- Page 1 Acer CP-8660 Digital Camera
- Page 2 Acer CP-8660
- Page 3 Acer CP-8660
- Page 4 Feature Table
- Page 5 Test Shots – Full Res Crops
- Page 6 Test Shots – Exposure Evaluation
- Page 7 Test Shots – Exposure Evaluation
Main shooting mode selection is done via the dial on the top panel, with options including full auto, program exposure, shutter and aperture priority and full manual exposure, as well as panorama stitching, movie mode and anti-shake mode.
Acer’s anti-shake system isn’t quite as sophisticated as the high-tech CCD-shift systems found in some of its better-known rivals. Instead it is an electronic image stabilisation system, similar to the type found in many digital video cameras. As a result it limits image size to 2560 x 1920 (5MP), and also slows down image processing. I have to say that I was not at all impressed by the performance of the image stabilisation system. Taking hand-held shots at shutter speed as high as 1/30th of a second with moderate zoom still produced significant shake blurring. Most other IS systems would have been able to handle that.
Unfortunately, it’s not only the IS system that is below standard. Exposure metering is also fairly sloppy, and is inclined to under-expose if there is any bright light in the frame. The manual backlight control helps, adding about a stop of exposure, but a decent multi-segment exposure system should be able to cope with this sort of thing.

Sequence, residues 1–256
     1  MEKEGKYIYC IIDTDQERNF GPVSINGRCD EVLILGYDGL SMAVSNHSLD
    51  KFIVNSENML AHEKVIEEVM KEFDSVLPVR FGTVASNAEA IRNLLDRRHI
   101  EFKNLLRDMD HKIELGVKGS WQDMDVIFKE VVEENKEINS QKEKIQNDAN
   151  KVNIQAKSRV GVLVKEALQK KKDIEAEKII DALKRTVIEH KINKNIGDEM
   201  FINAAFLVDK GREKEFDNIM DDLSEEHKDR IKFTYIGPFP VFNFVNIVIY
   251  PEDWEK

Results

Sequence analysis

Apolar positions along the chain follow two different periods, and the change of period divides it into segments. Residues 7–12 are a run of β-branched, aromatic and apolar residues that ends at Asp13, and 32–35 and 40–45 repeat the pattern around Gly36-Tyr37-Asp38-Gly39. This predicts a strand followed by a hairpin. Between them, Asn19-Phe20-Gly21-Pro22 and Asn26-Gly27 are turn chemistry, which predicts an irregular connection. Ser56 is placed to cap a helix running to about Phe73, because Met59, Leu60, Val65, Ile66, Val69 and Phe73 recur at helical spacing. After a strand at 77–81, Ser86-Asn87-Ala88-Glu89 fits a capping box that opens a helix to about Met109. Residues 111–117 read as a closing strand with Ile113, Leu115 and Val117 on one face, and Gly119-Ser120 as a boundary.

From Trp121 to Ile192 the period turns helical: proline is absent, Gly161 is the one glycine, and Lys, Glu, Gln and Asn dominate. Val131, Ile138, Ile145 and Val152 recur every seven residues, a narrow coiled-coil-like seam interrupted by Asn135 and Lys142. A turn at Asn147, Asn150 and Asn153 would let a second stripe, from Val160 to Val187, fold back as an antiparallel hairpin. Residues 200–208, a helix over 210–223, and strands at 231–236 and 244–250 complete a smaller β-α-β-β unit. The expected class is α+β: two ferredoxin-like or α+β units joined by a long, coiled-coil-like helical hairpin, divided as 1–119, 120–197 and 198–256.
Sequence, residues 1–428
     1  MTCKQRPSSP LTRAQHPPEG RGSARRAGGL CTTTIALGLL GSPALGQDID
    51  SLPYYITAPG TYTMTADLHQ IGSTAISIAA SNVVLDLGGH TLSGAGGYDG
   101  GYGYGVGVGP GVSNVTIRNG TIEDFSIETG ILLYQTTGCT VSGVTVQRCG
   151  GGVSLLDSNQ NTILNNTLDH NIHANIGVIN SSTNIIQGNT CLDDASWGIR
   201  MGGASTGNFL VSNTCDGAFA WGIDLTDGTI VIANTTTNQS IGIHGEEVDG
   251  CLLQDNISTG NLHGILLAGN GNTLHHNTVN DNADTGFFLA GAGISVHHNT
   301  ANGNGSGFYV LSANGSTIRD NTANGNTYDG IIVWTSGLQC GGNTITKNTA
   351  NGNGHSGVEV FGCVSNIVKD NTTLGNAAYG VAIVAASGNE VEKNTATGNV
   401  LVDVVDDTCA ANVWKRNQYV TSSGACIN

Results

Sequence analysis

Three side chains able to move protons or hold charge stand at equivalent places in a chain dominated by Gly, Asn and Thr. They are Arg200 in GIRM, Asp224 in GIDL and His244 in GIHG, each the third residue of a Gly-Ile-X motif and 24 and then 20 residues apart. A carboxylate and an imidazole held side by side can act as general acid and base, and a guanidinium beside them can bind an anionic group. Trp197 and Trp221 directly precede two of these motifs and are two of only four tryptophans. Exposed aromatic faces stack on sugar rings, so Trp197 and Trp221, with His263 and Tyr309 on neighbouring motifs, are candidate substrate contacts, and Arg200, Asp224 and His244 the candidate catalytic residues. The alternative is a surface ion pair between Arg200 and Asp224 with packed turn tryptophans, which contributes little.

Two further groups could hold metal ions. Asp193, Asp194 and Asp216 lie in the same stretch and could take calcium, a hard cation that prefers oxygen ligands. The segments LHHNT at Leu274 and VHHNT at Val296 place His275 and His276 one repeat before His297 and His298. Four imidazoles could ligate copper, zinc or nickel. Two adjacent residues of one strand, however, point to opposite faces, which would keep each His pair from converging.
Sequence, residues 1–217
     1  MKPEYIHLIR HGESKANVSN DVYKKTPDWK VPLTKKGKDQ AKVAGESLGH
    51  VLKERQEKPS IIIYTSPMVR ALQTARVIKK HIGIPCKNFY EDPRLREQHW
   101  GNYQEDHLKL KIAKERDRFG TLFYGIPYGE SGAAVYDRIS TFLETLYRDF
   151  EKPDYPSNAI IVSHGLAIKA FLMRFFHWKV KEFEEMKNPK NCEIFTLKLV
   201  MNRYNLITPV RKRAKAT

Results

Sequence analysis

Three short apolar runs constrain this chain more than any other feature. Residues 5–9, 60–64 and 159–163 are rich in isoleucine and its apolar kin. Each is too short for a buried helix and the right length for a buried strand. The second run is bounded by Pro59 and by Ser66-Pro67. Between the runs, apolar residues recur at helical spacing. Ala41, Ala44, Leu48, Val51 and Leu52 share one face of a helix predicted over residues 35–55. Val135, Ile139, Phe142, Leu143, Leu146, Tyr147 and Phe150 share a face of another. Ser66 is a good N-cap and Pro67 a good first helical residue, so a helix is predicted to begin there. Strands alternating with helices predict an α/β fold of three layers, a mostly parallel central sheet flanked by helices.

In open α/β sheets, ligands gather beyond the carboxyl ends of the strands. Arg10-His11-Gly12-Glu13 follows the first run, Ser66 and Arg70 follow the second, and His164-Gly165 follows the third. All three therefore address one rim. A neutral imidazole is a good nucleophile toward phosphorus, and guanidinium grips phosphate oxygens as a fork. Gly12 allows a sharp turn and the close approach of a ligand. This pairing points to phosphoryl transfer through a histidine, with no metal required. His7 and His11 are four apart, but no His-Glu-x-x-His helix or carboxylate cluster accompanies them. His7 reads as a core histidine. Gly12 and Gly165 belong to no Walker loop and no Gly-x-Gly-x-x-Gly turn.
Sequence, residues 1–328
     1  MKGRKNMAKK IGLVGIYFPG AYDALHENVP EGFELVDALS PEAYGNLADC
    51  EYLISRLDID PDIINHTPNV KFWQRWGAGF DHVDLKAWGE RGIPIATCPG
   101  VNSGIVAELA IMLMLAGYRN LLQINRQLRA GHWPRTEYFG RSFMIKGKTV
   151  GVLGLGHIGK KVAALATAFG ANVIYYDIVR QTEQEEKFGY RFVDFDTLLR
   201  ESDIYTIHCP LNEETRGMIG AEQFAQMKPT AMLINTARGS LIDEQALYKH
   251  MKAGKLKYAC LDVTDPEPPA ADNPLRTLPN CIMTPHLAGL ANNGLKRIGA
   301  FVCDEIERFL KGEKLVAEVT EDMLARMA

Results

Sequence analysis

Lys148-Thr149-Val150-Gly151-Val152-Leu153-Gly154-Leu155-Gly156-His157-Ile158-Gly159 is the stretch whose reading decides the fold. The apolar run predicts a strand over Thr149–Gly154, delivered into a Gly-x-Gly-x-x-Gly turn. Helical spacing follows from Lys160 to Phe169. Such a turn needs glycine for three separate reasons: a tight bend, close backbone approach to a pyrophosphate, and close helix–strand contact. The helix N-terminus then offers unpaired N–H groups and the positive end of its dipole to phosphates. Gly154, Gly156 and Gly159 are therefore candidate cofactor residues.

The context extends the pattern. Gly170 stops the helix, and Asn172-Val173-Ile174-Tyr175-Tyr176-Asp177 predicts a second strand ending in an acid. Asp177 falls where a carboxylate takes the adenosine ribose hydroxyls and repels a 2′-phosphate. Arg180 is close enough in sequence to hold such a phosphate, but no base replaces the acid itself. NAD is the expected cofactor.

Focusing is accurate and reasonably quick in good light, but despite the AF illuminator it has real problems in lower light conditions, often failing to lock on at all.
Overall performance is also rather weak by modern standards. The camera starts up in around three seconds, but it was in shot-to-shot delay times that it really fell down. In continuous mode it can shoot only three frames in three seconds before it has to pause for five seconds to write the pictures to the memory card. In standard mode there is a delay of about 1.5 seconds between shots. This was using a high speed Sandisk Ultra II card; using a cheap generic memory card writing took three times longer. To make matters worse, when shooting in continuous mode the LCD display is blank between shots, so your second and third frames are probably going to be a bit off target.
The menu system is also inexplicably slow. After every menu operation there is s noticeable delay as the screen refreshes. It is also poorly laid out, with ISO setting being found on the third page of the shooting menu.
The movie mode at least adequate, able to shoot at 640 x 480 resolution and 30 frames a second with audio, although the optical zoom cannot be used while filming. A 1GB card provides enough storage for over 14 minutes of recording or 228 still shots at the highest quality and resolution. The JPEG files at this resolution average around 2.7MB. Not surprisingly, there is no RAW mode.